Notes on the Cinématographe - Theories of Robert Bresson - Part I

The Cinématographe is the name that Robert Bresson gave to his work, by opposition to the Cinema, a photographed theater. It was his way in explaining the dependence of film to theater, first with the use of actors, then by their replacement with models from A Man Escaped until his final film L'Argent in 1983.

The Camera, the only possible point of view
In Bresson's work, the script is the moment where it tells to the character you are this and here are your motivations. But the shooting, then, confronts the literal script with the choice of each frame.  "There is only one location in space, in time that a thing needs to be watched." (Robert Bresson, Notes sur le Cinématographe). This is the most frequent variable that we can deduct from the script with the adaptation. The choice of the point of view is confronted with the "use" of the models, the looks, the moves, and the gestures. Most importantly, this is the unexpected angle, just like when Pierre-Auguste Renoir painted flowers he often choose the angle where he didn't touched the bouquet.

Automatism and the surprise
For Bresson, the surprise comes from the automatism, the repetition of takes for the models is the moment when they "leave" their body, their manners, and their personalities to catch the little spark of absence that creates the unexpected.
In that spirit, it is easy to notice that every model is asked to dictates his/her lines in a mechanical way. A lot like a whisper to himself the character always talks like he is narrating the story and detached from the events pictured on the screen.
It is also quite clear that Bresson's mise en scène doesn't impose a hierarchy of the things that are apparent in every frame. Everything that is filmed is on the same level.

Editing: the chronology of the frames
For Bresson editing is probably the part of his work that made him the most miserable. He had to choose the order, the importance of each frame and in his philosophy it was more a work of flattening of the images and a fragmentation of the story. The idea of leveling each image was to diminish the importance of their strength and beauty.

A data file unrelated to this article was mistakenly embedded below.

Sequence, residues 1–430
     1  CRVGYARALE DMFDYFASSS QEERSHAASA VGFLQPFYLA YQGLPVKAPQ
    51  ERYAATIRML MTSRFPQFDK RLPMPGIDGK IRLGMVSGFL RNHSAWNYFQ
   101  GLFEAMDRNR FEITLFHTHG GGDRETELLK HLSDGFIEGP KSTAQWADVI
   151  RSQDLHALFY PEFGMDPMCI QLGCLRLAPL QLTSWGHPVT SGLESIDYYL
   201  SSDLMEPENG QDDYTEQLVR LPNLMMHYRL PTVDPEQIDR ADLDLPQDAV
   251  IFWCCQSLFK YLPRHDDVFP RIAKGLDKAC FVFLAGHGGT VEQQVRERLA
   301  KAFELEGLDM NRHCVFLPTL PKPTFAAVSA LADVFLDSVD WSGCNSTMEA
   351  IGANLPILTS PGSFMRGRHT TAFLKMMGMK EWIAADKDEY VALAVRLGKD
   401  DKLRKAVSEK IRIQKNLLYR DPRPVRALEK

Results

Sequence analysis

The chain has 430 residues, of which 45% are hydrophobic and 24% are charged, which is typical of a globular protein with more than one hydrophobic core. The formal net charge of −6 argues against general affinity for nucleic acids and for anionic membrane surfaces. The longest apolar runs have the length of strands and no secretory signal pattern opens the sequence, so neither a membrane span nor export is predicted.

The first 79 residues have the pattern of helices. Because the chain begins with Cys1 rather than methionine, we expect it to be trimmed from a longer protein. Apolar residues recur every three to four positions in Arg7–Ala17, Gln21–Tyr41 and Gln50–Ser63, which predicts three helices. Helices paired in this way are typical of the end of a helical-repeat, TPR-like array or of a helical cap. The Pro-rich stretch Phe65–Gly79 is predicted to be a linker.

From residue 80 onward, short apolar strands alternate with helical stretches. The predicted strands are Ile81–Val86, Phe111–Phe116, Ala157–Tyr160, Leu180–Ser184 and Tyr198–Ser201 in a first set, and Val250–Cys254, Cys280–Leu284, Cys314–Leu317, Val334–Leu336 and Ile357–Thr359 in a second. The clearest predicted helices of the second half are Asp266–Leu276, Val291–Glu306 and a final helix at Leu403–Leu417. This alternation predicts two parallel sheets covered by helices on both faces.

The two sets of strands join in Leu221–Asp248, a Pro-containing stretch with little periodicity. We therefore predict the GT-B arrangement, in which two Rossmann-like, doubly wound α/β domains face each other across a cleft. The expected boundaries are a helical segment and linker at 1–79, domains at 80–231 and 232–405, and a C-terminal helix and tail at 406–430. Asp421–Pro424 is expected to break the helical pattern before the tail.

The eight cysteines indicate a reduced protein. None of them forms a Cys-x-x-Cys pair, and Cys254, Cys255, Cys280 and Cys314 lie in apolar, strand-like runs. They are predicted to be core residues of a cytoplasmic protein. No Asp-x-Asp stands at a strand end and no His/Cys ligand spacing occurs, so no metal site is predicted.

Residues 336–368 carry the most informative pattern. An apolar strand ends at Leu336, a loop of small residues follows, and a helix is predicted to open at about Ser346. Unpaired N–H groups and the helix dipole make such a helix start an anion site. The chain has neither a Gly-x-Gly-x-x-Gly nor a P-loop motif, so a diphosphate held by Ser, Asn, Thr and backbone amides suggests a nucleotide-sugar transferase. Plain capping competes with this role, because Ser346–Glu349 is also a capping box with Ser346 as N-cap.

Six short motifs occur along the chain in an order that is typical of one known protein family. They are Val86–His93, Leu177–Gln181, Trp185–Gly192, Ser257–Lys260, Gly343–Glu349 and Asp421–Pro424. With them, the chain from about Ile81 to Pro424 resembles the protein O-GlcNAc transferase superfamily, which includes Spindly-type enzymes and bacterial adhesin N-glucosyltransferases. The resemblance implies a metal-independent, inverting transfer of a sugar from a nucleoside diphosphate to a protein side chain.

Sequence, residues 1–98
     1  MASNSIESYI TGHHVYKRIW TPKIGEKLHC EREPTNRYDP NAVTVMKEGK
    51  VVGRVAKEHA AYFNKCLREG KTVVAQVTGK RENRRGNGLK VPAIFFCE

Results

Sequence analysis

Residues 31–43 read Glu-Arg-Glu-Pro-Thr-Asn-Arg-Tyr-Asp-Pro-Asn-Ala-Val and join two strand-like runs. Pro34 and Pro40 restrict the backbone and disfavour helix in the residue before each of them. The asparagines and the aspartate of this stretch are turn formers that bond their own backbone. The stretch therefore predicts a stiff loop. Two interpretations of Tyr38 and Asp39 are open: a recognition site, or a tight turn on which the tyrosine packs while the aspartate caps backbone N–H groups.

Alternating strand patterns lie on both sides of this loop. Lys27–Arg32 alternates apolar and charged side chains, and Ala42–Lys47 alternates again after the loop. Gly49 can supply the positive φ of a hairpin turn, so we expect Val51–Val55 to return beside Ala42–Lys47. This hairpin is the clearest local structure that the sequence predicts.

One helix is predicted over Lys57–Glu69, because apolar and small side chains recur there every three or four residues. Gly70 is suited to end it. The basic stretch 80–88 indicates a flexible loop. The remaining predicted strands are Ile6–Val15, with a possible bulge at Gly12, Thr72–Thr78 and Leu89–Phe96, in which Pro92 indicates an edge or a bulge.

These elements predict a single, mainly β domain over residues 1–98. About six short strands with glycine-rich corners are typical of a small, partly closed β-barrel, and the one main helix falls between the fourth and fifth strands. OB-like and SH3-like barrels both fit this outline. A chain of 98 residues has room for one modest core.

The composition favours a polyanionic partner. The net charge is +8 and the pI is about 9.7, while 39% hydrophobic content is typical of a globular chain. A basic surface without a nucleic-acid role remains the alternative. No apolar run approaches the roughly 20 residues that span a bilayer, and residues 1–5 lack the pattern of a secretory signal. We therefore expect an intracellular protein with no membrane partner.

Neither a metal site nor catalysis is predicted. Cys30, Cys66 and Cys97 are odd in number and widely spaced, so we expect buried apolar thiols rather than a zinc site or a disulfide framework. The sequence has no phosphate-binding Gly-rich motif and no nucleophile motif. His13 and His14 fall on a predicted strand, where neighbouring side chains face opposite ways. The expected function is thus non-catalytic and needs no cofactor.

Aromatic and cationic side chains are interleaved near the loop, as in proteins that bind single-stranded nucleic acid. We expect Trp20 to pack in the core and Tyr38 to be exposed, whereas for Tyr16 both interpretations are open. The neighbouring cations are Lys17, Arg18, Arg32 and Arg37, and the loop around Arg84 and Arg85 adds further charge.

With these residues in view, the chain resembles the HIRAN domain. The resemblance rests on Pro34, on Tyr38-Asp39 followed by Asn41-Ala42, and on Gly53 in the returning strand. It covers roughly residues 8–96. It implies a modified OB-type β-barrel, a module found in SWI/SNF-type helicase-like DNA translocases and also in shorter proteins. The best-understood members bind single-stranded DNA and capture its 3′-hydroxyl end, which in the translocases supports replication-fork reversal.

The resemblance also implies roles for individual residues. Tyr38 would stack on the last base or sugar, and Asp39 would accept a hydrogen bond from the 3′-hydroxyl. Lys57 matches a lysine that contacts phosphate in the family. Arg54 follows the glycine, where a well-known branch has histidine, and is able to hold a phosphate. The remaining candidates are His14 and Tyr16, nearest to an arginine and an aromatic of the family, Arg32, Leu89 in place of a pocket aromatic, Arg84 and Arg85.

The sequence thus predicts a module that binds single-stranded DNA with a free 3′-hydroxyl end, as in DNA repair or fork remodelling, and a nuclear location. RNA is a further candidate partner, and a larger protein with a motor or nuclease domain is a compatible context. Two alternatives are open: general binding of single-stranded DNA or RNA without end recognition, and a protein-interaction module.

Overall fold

With the tight films like L'argent or Au hasard Balthazar the succession of plans impose a rhythm and suppresses contemplative moments and establishes a maze-like narrative with lots of inserts and their repetition. They evoke an imminent meaning instead of a purposeful use of those frames.
Part II Later this week.

Are you a fan of Bresson's work? How do you perceive his movies? Do you think his influence is still palpable in contemporary Cinema other than the Dardenne's?

Further readings
- Philippe Arnaud, Robert Bresson, La Petite bibliothèque des Cahiers du Cinéma, 1986.
- Robert Bresson, Notes sur le Cinématographe.


  1. Fascinating post. I must read those writings you cited.

    Bresson's style doesn't always click with me, but it certainly is a unique approach that when it works is really something spiritual and magical.

    I think strong elements of his influence can also be seen today in the films of Bruno Dumont, Eugene Green, and Claire Denis.

    1. Thank You Bonjour Tristesse! I deeply recommend those. However, I'm not sure if they are available in English...

      Ditto for me with his style and his films. I still need to watch a bunch of his... But, I'm still pretty hooked up on A Man Escaped that I loved.

      I'll have to watch some Dumont and Green. I saw Denis' 35 Rums and I quite liked it.


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